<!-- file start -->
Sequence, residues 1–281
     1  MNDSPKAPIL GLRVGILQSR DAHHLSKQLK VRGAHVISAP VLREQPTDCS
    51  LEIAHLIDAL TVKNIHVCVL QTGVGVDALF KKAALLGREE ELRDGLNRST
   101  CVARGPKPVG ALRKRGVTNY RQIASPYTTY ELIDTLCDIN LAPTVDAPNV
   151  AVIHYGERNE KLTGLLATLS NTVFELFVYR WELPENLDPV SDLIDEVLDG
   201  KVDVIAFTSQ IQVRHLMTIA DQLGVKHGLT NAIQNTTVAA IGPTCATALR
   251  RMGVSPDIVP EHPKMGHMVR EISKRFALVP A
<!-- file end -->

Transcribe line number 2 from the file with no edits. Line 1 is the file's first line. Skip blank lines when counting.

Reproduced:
     1  MNDSPKAPIL GLRVGILQSR DAHHLSKQLK VRGAHVISAP VLREQPTDCS